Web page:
Giving a Hand6:07 with Kenneth Love
Now that we can roll dice and compare them, it's time to start on the Yatzy game play.
Are you confused by how we're using the
die_class argument? Functions and classes are first-class citizens in Python which means we can pass them around and use them as values just like we would any other variable. That means we can point a variable or parameter at a class or function and then call that variable just like we would the original class. Here's another example:
class Car: pass class Van: pass class Motorcycle: pass def vehicle_factory(cls, count): for _ in range(count): yield cls()
Now we could make any number of
Motorcycle instances that we want (and, notice, it's a generator function since we're using
yield; if our vehicle manufacturing required a lot of memory, we could still be polite to other processes and not tie up all of the RAM with our factory). We'd do this with code similar to
cars = vehicle_factory(Car, 50) vans = vehicle_factory(Van, 10) motorcycles = vehicle_factory(Motorcycle, 100)
Each time the
for loop executes, it finds the class that was passed in and creates an instance of it. This ability of Python makes for really flexible code.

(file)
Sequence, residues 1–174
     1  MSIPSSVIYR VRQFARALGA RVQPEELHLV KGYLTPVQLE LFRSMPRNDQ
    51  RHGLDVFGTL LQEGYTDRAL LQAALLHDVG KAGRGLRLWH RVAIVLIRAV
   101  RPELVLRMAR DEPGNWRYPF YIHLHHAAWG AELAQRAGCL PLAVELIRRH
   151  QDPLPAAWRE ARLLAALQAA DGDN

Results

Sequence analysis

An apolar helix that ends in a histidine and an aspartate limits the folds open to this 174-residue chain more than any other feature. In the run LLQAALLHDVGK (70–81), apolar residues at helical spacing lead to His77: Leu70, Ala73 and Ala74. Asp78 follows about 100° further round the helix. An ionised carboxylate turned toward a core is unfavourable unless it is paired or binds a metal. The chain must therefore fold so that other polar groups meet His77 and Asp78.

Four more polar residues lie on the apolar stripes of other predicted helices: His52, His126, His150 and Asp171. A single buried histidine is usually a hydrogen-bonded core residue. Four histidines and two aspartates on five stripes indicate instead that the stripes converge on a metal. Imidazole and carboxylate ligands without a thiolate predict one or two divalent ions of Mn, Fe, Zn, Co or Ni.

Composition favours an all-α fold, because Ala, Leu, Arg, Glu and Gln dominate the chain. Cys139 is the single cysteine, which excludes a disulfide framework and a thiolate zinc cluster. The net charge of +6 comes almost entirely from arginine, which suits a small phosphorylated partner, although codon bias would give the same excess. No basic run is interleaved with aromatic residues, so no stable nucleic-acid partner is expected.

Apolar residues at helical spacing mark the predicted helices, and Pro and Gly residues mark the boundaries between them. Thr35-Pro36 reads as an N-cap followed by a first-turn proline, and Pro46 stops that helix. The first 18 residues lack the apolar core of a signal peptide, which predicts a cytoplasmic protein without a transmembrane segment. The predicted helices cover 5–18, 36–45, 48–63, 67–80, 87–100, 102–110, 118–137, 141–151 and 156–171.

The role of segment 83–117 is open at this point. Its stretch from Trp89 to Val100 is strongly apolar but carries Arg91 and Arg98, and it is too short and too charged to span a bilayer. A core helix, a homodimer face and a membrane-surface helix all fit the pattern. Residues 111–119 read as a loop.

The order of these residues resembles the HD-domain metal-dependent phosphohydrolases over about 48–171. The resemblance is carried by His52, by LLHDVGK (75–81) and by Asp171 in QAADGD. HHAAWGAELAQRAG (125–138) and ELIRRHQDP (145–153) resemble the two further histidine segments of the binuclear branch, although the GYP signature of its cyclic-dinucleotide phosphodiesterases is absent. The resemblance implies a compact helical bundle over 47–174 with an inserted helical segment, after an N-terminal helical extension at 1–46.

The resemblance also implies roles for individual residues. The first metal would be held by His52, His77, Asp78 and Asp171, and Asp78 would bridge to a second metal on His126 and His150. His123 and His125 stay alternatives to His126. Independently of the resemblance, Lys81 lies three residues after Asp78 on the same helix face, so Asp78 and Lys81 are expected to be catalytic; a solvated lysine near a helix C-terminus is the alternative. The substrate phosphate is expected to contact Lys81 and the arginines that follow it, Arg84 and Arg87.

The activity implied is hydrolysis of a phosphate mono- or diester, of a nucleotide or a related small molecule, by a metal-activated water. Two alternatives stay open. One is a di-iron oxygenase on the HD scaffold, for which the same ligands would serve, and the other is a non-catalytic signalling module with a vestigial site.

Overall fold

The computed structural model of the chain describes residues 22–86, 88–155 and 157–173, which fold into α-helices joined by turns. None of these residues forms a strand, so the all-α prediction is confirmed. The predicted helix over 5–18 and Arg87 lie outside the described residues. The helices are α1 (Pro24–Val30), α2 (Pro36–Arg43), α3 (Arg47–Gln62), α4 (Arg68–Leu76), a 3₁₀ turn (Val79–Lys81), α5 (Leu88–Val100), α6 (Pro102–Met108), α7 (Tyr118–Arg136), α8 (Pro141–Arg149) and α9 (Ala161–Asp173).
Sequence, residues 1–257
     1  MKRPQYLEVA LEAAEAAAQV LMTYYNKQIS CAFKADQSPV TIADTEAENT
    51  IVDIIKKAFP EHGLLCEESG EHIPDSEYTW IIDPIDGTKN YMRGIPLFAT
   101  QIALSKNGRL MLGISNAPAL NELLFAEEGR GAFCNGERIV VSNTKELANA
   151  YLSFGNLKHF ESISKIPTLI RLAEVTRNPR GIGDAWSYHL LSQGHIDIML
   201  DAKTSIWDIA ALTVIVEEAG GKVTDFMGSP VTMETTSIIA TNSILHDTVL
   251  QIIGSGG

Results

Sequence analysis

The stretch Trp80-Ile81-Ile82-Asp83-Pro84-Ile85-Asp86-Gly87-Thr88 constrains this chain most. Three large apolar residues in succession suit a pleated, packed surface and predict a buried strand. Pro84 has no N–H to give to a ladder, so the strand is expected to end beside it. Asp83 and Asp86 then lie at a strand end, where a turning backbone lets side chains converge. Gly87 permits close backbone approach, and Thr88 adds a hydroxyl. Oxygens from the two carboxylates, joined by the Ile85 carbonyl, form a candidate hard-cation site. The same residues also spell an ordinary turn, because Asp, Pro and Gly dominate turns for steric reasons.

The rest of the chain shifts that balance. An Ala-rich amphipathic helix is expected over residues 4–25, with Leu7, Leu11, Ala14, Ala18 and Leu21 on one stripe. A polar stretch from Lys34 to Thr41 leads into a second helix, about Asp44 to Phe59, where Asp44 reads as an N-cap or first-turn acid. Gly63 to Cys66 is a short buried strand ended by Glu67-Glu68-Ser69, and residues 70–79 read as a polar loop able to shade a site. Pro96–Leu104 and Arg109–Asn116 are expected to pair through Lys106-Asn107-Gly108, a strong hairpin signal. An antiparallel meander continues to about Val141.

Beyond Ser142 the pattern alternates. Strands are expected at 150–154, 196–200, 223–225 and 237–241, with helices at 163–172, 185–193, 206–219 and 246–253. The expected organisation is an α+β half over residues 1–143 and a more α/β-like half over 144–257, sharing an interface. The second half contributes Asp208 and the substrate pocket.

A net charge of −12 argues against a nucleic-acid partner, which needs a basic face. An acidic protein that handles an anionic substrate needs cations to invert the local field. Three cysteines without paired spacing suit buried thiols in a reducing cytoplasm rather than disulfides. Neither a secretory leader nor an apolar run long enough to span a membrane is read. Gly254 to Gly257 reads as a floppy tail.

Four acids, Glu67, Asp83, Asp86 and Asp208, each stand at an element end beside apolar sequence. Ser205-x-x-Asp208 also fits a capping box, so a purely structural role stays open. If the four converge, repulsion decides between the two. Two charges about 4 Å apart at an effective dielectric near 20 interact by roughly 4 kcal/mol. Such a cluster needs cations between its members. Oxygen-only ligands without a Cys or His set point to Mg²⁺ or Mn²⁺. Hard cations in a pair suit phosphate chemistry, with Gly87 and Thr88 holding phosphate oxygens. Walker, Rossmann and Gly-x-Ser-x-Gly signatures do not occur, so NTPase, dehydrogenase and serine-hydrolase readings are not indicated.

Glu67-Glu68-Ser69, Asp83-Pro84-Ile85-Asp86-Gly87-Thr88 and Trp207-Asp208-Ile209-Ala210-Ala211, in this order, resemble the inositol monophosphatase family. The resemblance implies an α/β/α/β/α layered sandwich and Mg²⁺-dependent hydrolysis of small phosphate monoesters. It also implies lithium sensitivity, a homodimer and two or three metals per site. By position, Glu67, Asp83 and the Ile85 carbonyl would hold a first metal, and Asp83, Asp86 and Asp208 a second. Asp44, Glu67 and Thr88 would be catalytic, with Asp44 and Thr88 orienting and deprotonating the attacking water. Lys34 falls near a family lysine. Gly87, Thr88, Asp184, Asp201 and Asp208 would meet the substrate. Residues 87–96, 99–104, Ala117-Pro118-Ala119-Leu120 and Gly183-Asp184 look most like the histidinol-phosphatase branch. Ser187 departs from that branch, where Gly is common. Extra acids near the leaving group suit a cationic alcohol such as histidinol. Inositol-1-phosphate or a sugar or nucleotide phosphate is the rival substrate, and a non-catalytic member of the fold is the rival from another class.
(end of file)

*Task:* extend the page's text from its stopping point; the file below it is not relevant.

All right, let's talk about this handy class. 0:00 A hand will have a certain number of dice in it I think, as a restriction, 0:02 we'll make it so that all of the dice have to be the same kind of die. 0:05 Sounds like something we should use a list for. 0:09 I think we might have to get a bit clever though so, 0:11 we can use the same hand class to roll different sets of dice. 0:13 Let's get to work spaces and see what we can come up with. 0:17 Okay, so lets start by adding a new file, which we'll call hands.py. 0:21 And inside of here, we're gonna make our list subclass. 0:26 So we'll call this class Hand, let's going to extend list. 0:30 And then in the init, we want to take self, we wanna take the size of the hand, 0:35 the number of dice that should be in there, and then whatever args, and 0:40 kwargs come in from people using this, if they try to use it as a list. 0:44 And again, we wanna do super.init. 0:49 And we just don't care what's there. 0:51 So that's our basic class. 0:54 Now, I wanna add an argument that will hold 0:55 the class that all of the dice will be. 0:58 We can pass around classes just like we do variables or functions, in this way future 1:02 developers can give our constructor a class for the dice that they want to roll. 1:07 So let's add a new argument right here which is die-class, 1:11 we're gonna set that equal to none. 1:14 And let's say, if not die_class, 1:17 they don't give us a die_class for whatever reason, 1:21 then we're gonna raise ValueError, you must provide a die class. 1:26 All right, and then we'll just do our super like that. 1:33 Okay, so we have our size, which is the number of dice to roll, and 1:36 we have the class that needs to be rolled. 1:39 Let's use these two to append dice to our list. 1:41 So we'll say for whatever in range(size): self.append(die_class()) and 1:45 then we'll just call that function, or that class rather. 1:53 Okay, so that should create how many dice we need. 1:58 Let's try this out really quick. 2:01 So, let us open up python. 2:04 And let's import dice, and let us import hands. 2:08 Okay, and then, let's say that hand = hands.Hand size=5, 2:12 and die_class=dice.D6. 2:19 Now, notice that we're not calling the class, we're simply passing the class. 2:24 And if we look at hand, then we've got objects. 2:30 Let's do len(hand) and make sure there's 5 there, there are. 2:33 And if we were to do hand.value, the first one there is a 4. 2:37 That's awesome, it's a big step too. 2:43 Take a minute and make sure that you understand what is going on here. 2:45 We're using the class that's being passed in, in this case D6, 2:48 and then we're instantiating some number of that class. 2:51 So here in our loop, let's look back at this loop. 2:55 There we go, right there. 2:59 Here in that loop, we're creating five D6 instances. 3:00 That's a really cool way to handle this pluggable class requirement. 3:05 All right, let's do one more thing in here. 3:09 Let me get out of Python, clear that out. 3:12 Okay, let's do one more thing in here. 3:15 I think it would be best if the dice that we have on our hand were always sorted, so 3:17 we'd have all the ones, and then the twos, and then the threes and so on. 3:21 Now we can do is what the sort method since our class is base on a list. 3:26 And since our die classes had the ability to compare themselves to each other, 3:29 they already know how to sort themselves. 3:33 That extra work has already paid off, right? 3:36 So let's just do self.sort at the end of the init. 3:39 Okay, so that we could test this out but I don't think right now we need to. 3:42 Let's not worry about that. 3:45 Before we move on though, let's go ahead and create our Yatzy hands. 3:46 So, let's make a new class down here that we're gonna call YatzyHand, 3:51 and it's going to extend Hand. 3:56 And we're gonna do a definite again, and we'll take whatever args and 4:00 kwargs come in. 4:04 We don't really care about them though, right? 4:05 We're gonna call super.init and the size is always gonna be 5. 4:07 And the die_class is always gonna be D6. 4:12 And then we'll pass whatever other args and kwargs come in, so 4:15 that would be things like, I don't know, that' be nothing. 4:19 There's nothing we need there. 4:22 So let's go up here, and 4:24 let's say from dice import D6, that way we have that class available. 4:25 Now, just like with our D6 class, 4:32 we'll just auto set the things that we need in the new class. 4:35 Now we should be able to substantiate this hand and not have set the dice class, 4:38 or anything else. 4:43 So,let's actually go over here, let's change one thing in our dice real quick. 4:44 So let's add one new method here, let's change repr and 4:49 let's return self.value or we just turn this as string, 4:55 so that way we know what are value is, okay? 5:01 So now, let's go down here and create a Yatzy hand and see how this works. 5:07 So from hands import YatzyHand. 5:14 And I'll say yh = YatzyHand. 5:17 And I shouldn't have to talk about anything there. 5:21 And I should be able to look up yh and I've got 2, 2, 4, 5, 5. 5:24 So they're sorted. 5:27 And they are five dice and the highest number in any of them is five so, 5:29 it seems like they're not going over six so, that's awesome. 5:33 Now we have a hand that we can use for playing Yatzy. 5:37 >> What's up with that word spelling of Yatzy? 5:41 It's actually a perfect thing for the scores. 5:43 It's Scandinavian open source game. 5:45 No copyright infringement and we can support open source 5:48 even on our choice game to replicate, but Yatzy isn't just about rolling dice. 5:50 We have to be able to score them, too. 5:54 I don't know that we can cover all of the categories that Yatzy requires, but 5:56 we can do some of them and 5:59 you'll be well prepared to do the rest of them on your own after the course. 6:00 As always, get yourself ready for the next video, and then meet me in Workspaces. 6:04